Benoit Treluyer edged out Allan McNish by the narrowest of margins as Audi captured a 1-2 in qualifying for the Silverstone 6 Hours..
Both drivers had pitted for fresh rubber in the final five minutes, and found instant improvements as a result. It was McNish who made the first move in the No. 2 R18 ultra, the Briton dropping down to a 1m43.887s with three minutes of the session to run.
Treluyer in the R18 e-tron was yet to come round however, and when he did it was the No. 1 car that headed the times with a 1m43.663s. McNish tried to respond as the flag flew, but while he did improve he fell desperately short, missing out on pole position by just one hundredth of a second.
Toyota had been involved in the pole fight until Audi's late rally, but under the guidance of Nicolas Lapierre the sole TS030 Hybrid nevertheless qualified third, seven tenths down on the benchmark time. Both Lapierre and Treluyer also had wild moments – the former narrowly avoiding contact with Pierre Ragues as he dived into the pits, and the latter running wide and off-track early on.
Danny Watts was the top privateer LMP1 driver, finishing fourth in the No. 21 Strakka HPD. LMP2 was similarly frantic, with the lead changing hands several times in the final minutes. Nicolas Minassian held top spot in the No. 38 Jota Nissan-Zytek with 60 seconds to run, but eventually wound up third.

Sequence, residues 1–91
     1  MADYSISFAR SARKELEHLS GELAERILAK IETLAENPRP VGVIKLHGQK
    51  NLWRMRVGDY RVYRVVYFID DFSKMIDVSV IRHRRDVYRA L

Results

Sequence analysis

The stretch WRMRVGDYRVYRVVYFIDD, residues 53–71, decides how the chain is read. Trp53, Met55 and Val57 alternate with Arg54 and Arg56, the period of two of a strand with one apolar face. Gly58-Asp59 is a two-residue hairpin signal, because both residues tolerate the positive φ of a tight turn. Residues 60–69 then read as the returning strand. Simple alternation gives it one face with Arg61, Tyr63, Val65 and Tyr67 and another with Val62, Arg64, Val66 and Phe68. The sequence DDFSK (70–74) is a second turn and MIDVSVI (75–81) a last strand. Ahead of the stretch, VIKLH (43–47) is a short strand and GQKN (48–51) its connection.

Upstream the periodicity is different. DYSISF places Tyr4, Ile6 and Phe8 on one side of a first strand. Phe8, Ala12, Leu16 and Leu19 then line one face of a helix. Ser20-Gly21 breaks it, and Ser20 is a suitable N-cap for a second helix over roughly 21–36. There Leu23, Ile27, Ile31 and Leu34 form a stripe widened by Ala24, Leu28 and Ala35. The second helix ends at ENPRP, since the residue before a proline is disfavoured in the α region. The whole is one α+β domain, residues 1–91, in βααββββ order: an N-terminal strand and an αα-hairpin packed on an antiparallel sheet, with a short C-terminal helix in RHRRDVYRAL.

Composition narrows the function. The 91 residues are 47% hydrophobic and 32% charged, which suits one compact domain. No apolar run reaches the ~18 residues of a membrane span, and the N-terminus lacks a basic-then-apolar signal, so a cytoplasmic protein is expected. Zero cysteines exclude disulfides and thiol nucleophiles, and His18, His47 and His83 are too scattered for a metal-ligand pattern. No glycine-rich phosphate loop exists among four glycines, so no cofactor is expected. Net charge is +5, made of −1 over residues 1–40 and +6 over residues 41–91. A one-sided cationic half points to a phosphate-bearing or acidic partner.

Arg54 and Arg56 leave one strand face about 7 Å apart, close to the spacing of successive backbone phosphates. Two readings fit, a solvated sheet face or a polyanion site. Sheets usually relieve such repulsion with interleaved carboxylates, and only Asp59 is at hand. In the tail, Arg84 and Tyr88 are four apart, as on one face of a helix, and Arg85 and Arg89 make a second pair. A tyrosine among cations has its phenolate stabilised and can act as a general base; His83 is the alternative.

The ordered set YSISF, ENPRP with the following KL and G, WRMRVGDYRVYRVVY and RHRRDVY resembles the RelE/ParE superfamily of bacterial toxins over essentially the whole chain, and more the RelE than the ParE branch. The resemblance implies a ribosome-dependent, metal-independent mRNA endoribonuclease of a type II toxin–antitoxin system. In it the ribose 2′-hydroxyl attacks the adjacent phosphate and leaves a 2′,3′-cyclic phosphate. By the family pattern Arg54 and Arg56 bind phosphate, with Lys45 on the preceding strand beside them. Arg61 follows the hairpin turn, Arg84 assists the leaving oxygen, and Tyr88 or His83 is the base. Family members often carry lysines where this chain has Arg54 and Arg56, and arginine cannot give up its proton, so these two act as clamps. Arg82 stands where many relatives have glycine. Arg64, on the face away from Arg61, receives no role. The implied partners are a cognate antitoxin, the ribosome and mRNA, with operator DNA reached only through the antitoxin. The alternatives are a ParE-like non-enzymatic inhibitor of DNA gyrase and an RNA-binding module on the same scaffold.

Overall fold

Stephane Sarrazin in the Starworks HPD was the first to demote him, but found himself similarly pushed down the order when Alex Brundle – who had spun earlier in the session – came around in a 1m49.964s to earn class pole for the No. 42 Greaves Nissan squad.
GT qualifying, run before the LMP1 session, built to a dramatic crescendo as track conditions steadily improved. With just three minutes to run slick tires finally became the preferable option, as evidence when James Walker flew to a 2m12.326s – around two second faster than anyone else – in the No. 66 JMW Ferrari he shares with Jonny Cocker. Walker then spun on his final lap while trying to better his own benchmark, and was therefore unable to respond when, as the checkered flag flew, Richard Lietz put the No. 77 Felbermayr Porsche top.
Gianmaria Bruni claimed third in the No. 51 AF Corse Ferrari, some way ahead of the Aston Martin Vantage and sister No. 71 458. There was such a gap, in fact, that the No. 97 Vantage was not Aston Martin's top representative. That honor instead falling to the No. 98 GTE Am car driven by Stuart Hall and Roald Goethe.
Hall, taking over for qualifying, did enough to edge out Felbermayr's No. 88 Am Porsche of Christian Ried/Gianluca Roda/Paolo Ruberti.